- The user is thrilled by this awesome offer and clicks the button.
- In reality, the button submits a POST form to your web application, and more specifically to the endpoint that changes the user’s password with a new one.
- Now the user is logged out and cannot log in to your web application anymore.
We have to mention that this attack would be performed by an attacker that just wants to play a little bit and test its skills. More serious operations could have been performed like making the user upgrade to a very expensive plan, or even transferring money from their bank account to the attacker’s account.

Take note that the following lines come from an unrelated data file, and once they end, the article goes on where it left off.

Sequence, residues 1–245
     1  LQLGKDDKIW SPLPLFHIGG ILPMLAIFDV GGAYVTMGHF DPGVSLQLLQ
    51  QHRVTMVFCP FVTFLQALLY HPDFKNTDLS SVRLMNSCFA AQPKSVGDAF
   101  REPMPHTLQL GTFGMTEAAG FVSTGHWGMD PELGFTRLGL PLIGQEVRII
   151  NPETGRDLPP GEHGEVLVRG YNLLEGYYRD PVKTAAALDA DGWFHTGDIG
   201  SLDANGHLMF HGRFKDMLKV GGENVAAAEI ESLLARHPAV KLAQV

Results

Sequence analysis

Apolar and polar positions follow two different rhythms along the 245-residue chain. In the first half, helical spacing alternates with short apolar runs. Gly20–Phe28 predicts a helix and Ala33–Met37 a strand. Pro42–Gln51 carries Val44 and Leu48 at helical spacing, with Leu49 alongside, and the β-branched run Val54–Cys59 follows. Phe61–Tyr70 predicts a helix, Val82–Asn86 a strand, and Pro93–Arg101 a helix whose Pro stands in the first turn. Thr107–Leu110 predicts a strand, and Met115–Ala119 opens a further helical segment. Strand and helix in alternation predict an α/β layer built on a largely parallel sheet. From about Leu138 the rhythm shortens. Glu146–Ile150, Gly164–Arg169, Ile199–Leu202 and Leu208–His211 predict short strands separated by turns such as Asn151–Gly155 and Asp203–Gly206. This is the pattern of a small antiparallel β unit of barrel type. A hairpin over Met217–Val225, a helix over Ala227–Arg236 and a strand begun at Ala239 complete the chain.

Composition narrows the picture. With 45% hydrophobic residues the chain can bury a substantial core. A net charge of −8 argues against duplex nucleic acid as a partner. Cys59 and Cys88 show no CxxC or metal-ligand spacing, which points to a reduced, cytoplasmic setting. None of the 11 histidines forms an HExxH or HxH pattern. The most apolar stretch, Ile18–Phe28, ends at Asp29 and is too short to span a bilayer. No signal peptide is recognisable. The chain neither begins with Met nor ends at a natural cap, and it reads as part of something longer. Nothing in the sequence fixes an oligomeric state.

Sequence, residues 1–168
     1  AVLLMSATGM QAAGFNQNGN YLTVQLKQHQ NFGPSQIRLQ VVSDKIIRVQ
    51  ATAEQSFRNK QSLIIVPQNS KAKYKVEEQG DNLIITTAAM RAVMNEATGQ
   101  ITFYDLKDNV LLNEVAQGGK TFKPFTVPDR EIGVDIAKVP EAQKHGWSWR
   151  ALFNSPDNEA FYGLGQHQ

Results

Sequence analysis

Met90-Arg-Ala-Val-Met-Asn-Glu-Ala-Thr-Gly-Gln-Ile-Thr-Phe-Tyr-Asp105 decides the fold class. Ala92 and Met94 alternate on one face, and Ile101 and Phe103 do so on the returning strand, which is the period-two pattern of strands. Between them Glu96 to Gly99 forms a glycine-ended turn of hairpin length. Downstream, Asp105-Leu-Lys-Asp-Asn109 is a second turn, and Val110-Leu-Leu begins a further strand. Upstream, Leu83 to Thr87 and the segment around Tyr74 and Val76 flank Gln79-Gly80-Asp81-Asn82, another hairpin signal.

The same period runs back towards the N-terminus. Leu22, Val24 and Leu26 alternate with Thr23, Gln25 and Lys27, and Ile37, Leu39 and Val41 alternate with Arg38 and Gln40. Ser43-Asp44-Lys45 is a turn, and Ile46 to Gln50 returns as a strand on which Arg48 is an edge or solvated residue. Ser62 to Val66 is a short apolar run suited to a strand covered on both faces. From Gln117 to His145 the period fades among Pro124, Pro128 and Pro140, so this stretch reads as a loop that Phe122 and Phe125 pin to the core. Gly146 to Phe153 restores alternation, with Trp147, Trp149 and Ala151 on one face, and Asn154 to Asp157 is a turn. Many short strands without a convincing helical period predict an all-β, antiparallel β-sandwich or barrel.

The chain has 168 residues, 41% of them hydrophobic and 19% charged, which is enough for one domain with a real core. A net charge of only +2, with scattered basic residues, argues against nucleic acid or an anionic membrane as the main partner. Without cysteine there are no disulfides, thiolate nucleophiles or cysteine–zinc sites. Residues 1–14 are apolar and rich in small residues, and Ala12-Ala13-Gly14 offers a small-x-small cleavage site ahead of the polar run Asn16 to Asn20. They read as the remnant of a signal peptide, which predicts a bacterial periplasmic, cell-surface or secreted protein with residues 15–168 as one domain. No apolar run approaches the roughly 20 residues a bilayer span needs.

So what can I do about it?
The first option is to just forget about it, never tell anyone, and hope that nobody ever finds out (especially a malicious hacker). You are ready to go!!! Just kidding…
You can use a backend generated token in every request that you perform to the server (usually any POST, PUT, DELETE request), so when the user performs the request, you check if the token is valid by fetching it from some cache or even directly from the database. But this requires that you create a new token every the user redirects to a new page? So is there an alternative?
Each of them is useful in its own case.
You can find browser compatibility here.
So what is Lax? Lax allows cookies to be sent in cross-domain requests if the request verb is GET. All other requests will not contain cookies with the Lax SameSite policy. This way, it allows cookies to be used when, for example, redirecting the user from an email to a dashboard screen of your app, but don’t allow a malicious form post data to a sensitive endpoint.